Hiring Minors to Work at Your BusinessSummer is fast approaching, which means many small businesses here in Maine are gearing up for their busiest time of year. Of course, an increase in workload requires an increase in labor to handle it — and that often means hiring teenagers who are out of school for the summer.

Hiring young people can be beneficial for all parties. They get to earn money and gain work experience. You get affordable labor to augment your staff during the busy season. But before you do hire any minors, make sure you’re up to date on how youth employment is regulated under the Fair Labor Standards Act (FLSA). If you don’t, you run the risk of being prosecuted by the Department of Labor, fined and serving as an example to remind other employers to follow FLSA requirements.

Recent Examples

Food service and kitchen work are popular summer jobs for young Mainers, but this type of work comes with an extensive set of rules in terms of what minors can and can’t do. Just recently, a fast food chain in the Midwest was fined nearly $50,000 for breaking numerous labor laws. In addition to failing to keep proper employee work records, this business had minors operating dangerous equipment and working shifts longer than permitted by law.

Landscaping is another popular summer job and another line of work that provides a cautionary tale. A small town was recently caught having minors perform hazardous jobs such as riding in the back of trucks and operating chainsaws. According to the DOL’s Wage and Hour Division, the case was meant to remind employers of “the importance of preventing employees under the age of 18 from participating in prohibited work.”

Under-Age Categories

Generally, minors under the age of 14 are prohibited from working. There are some exceptions — like working in a family business or doing limited agricultural tasks (assuming the work is not considered hazardous). Otherwise, both the Federal Government and the State of Maine divide minor workers into two age brackets:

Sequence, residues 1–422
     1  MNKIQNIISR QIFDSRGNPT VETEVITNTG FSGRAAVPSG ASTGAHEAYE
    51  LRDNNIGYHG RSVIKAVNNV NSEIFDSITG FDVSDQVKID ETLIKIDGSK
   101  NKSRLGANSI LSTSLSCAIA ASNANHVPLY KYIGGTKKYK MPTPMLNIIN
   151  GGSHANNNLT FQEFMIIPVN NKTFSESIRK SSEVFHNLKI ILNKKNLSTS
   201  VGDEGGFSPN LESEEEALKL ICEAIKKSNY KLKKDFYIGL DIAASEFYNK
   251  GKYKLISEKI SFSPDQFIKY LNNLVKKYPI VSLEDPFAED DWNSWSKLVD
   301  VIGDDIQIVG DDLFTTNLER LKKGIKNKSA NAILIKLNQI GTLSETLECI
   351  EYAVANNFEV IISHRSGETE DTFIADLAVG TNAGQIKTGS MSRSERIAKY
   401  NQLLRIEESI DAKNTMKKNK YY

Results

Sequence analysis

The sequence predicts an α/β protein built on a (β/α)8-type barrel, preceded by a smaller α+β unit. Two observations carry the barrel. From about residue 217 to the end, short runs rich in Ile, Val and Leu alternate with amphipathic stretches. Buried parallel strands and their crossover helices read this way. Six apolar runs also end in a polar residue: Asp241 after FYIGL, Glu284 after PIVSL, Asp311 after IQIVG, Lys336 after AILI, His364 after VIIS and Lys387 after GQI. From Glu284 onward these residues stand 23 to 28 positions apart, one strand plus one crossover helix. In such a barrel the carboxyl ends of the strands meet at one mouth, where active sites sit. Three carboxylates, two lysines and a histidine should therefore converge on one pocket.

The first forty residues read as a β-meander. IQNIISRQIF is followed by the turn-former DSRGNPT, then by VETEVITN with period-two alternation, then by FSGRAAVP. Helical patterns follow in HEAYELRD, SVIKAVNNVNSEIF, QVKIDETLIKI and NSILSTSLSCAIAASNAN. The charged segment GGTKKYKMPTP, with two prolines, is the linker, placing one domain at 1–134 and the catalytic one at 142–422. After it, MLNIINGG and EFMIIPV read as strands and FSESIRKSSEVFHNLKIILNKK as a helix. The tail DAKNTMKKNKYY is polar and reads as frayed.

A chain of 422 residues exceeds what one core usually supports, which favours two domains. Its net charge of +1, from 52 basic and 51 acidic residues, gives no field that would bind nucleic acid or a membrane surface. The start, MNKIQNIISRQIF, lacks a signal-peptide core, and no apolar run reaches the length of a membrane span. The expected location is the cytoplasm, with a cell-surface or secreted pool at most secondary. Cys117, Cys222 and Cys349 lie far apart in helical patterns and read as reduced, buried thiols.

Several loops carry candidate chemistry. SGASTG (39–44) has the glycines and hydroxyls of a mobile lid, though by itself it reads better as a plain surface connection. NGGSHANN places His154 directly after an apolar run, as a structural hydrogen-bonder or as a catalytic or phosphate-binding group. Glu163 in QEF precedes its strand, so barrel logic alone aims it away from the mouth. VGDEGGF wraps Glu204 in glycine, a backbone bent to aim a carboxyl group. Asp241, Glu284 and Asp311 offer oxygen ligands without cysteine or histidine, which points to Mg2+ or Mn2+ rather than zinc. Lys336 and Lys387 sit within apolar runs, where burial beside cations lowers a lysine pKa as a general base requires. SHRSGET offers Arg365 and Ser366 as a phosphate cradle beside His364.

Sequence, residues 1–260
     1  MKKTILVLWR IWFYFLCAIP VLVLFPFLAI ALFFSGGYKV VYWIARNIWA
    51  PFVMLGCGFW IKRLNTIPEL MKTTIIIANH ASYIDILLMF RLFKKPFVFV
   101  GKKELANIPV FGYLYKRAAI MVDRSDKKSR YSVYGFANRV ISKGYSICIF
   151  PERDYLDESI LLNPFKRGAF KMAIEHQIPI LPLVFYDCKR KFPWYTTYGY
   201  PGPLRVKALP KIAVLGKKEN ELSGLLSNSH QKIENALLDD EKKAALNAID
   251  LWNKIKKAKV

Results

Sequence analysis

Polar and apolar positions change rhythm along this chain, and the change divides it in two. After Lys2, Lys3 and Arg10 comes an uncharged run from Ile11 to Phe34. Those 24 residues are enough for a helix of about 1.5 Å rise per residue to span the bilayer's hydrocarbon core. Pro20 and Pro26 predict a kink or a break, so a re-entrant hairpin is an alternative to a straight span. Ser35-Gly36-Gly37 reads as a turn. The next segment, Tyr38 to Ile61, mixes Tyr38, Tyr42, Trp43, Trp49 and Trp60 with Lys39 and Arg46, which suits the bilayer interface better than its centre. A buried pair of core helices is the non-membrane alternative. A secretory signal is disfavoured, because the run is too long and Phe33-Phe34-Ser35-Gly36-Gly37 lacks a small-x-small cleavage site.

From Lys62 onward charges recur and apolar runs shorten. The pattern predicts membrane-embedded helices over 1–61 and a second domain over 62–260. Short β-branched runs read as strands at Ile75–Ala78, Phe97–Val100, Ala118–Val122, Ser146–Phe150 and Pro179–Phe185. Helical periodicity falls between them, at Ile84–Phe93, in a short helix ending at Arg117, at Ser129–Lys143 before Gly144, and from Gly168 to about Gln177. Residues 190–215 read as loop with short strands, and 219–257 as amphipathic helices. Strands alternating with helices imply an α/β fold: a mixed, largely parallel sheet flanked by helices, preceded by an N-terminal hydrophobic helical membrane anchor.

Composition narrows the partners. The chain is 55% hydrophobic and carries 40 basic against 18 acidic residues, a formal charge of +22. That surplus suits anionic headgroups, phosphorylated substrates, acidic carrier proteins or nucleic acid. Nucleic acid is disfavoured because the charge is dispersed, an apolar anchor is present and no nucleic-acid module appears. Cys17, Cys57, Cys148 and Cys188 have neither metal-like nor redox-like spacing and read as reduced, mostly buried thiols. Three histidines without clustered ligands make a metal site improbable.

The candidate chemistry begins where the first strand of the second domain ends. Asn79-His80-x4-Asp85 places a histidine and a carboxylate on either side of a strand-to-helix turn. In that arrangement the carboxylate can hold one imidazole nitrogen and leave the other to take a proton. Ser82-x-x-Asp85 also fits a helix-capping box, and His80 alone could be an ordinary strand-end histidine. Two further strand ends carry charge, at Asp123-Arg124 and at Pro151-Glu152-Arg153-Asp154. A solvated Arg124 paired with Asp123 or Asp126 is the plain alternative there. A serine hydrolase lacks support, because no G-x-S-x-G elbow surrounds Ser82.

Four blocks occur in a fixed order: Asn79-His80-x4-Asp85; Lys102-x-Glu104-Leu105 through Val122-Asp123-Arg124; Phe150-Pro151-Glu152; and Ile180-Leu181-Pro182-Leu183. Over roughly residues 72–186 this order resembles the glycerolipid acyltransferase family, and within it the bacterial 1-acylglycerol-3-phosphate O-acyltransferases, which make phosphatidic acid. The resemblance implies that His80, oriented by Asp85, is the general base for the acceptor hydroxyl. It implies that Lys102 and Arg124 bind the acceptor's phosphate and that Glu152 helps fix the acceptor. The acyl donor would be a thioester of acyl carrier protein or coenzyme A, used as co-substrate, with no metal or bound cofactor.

• 14- and 15-year-olds
  • 16- and 17-year-olds

Different rules apply to each bracket. For example, in Maine, workers under the age of 16 are required to get a workers permit while those in the 16- and 17-year-old bracket are not. The number of hours these age groups can work — and when they can work them — also vary.

Maximum Hours

In Maine, the maximum hours of work for 14- and 15-year-old employees in various non-manufacturing, non-mining, nonhazardous jobs are as follows:

  • 40 hours per week when school isn’t in session
  • 8 hours per day when school isn’t in session
  • 3 hours per day when school is in session
  • 18 hours per week when school is in session

It’s also extremely important to note that while the Federal Government has no limits on work hours for 16- and 17-year-olds, the State of Maine does. If enrolled in school (including home school) 16- and 17-year-old can work no more than these limits:

  • 6 hours on a school day
  • 8 hours on the last school day of the week
  • 10 hours on a non-school day
  • 24 hours a week with 3 or more school days
  • 50 hours a week with fewer than 3 school days
  • More than 6 days in a row

Hazardous Jobs

There is a long list of hazardous jobs and specific tasks that minors can’t perform. Similar to the maximum number of hours that can be worked, these lists can differ depending what age bracket the minor might be in. But generally, minors — regardless of their age — aren’t permitted to work in hazardous jobs such as these: